# Covariance Between Two Frontier Portfolios

Based on the definitions of A, B, C, and D in "An Analytic Derivation Of The Efficient Portfolio Frontier" by Robert Merton (1972), how can I prove the following in a line-by-line derivation?

$$cov({x}_{p},{x}_{q}) = {x}_{p} \Omega {x}_{q} = \frac{C}{D}\left [E({R}_{p}) - \frac{A}{C} \right ]\left [E({R}_{q}) - \frac{A}{C} \right ] + \frac{1}{C}$$

where the term on the left is the covariance between two given frontier portfolios.

Let $$\Sigma$$ denote the covariance matrix of our asset universe, $$\mu$$ is the vector of expected returns. Further, $$\mathbb{1}$$ is a vector of ones. Let's identify the vector of the minimum variance portfolio's asset weights with $$w_0$$ and that of the tangency portfolio with $$w_m$$. Let's further identify

\begin{align} a&\equiv \mathbb{1}^T\Sigma^{-1}\mathbb{1}\\ b&\equiv \mathbb{1}^T\Sigma^{-1}\mathbb{\mu}\\ c&\equiv \mathbb{\mu}^T\Sigma^{-1}\mathbb{\mu}\\ d&=ac-b^2 \end{align}

Canonically, the minimum variance portfolio's optimal weights are

$$w_0=\frac{\Sigma^{-1}\mathbb{1}}{\mathbb{1}^T\Sigma^{-1}\mathbb{1}}=\frac{\Sigma^{-1}\mathbb{1}}{a}$$

Its expected return is $$\mathrm{E}(R_0)=w_0^T\mu=b/a$$, its variance is $$\mathrm{Var}(R_0)\equiv \sigma_0^2=w_0^T\Sigma w_0=1/a$$.

The weights of the tangency portfolio are

$$w_m=\frac{\Sigma^{-1}\mathbb{\mu}}{\mathbb{1}^T\Sigma^{-1}\mathbb{\mu}}=\frac{\Sigma^{-1}\mathbb{\mu}}{b}$$

Its expected return is $$\mathrm{E}(R_m)=w_m^T\mu=c/b$$, its variance is $$\mathrm{Var}(R_m)\equiv \sigma_m^2=w_m^T\Sigma w_m=c/b^2$$. The covariance between the two is $$\sigma_{m,0}=1/a=\sigma_0^2$$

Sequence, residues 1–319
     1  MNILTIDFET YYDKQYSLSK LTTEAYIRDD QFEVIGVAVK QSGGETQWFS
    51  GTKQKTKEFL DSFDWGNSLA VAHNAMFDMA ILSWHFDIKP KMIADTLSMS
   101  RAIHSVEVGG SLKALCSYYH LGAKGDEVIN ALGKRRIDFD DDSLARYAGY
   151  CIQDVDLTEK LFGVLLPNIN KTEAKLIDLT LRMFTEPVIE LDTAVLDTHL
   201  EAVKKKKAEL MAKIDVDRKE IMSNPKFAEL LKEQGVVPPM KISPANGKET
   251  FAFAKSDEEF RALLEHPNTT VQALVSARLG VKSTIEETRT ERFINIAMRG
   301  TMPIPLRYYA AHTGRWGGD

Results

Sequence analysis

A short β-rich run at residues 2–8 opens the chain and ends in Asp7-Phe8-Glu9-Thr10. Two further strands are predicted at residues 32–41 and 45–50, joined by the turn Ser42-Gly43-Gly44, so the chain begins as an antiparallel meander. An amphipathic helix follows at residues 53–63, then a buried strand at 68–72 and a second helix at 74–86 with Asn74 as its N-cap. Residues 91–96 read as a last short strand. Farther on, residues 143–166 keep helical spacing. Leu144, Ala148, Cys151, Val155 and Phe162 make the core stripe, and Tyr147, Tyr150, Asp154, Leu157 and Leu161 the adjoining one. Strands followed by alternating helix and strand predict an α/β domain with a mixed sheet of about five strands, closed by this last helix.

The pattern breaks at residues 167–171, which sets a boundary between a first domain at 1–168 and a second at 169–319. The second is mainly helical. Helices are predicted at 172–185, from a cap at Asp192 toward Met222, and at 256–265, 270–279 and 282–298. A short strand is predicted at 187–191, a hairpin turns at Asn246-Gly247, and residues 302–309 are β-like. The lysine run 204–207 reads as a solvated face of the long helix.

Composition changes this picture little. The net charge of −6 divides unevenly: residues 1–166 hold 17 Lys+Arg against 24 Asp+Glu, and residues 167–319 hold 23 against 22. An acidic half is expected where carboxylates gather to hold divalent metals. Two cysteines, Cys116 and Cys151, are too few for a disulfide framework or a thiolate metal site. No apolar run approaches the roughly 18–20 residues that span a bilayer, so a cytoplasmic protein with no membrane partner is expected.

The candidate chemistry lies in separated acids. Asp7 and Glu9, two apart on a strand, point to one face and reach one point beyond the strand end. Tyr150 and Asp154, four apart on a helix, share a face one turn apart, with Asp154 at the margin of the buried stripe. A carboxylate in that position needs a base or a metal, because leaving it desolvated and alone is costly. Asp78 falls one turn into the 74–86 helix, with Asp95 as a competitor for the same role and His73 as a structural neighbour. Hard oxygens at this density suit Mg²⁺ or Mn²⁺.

For any portfolio on the efficient frontier, $$R_i$$, its expected return is a combination of these two portfolios (or any other two portfolios):

\begin{align} \mathrm{E}(R_i)&=\alpha_i\mathrm{E}(R_m)+(1-\alpha_i)\mathrm{E}(R_0)\\ \Rightarrow\qquad \alpha_i&=\frac{\mathrm{E}(R_i)-\mu_0}{\mu_m-\mu_0}\\ &=\frac{\mathrm{E}(R_i)-b/a}{c/b-b/a}\\ &=\frac{ab}{d} \left(\mathrm{E}(R_i)-b/a\right) \end{align}

We can now calculate the covariance as

\begin{align} \mathrm{Cov}(R_i,R_j)&=\left[\alpha_i w_m+\left(1-\alpha_i\right)w_0\right]\Sigma\left[\alpha_j w_m+\left(1-\alpha_j\right)w_0\right]\\ &=\alpha_i\alpha_j w_m^T\Sigma w_m\\ &+\alpha_i(1-\alpha_j)w_m^T\Sigma w_0\\ &+(1-\alpha_i)\alpha_j w_0^T\Sigma w_m\\ &+(1-\alpha_i)(1-\alpha_j)w_0^T\Sigma w_0\ \end{align}

From here on, we can plug in the values for $$\alpha_i,\alpha_j$$, substitute the (co-)variances and arrive at

\begin{align} \mathrm{Cov}(R_i,R_j)&=\sigma_0^2+\alpha_i\alpha_j (\sigma_m^2-\sigma_0^2)\\ &=\frac{1}{a}+\frac{a^2b^2}{d^2}\left(\frac{c}{b^2}-\frac{1}{a}\right)\left(\mathrm{E}(R_i)-b/a\right)\left(\mathrm{E}(R_j)-b/a\right)\\ &=\frac{1}{a}+\frac{a}{d}\left(\mathrm{E}(R_i)-\frac{b}{a}\right)\left(\mathrm{E}(R_j)-\frac{b}{a}\right) \end{align}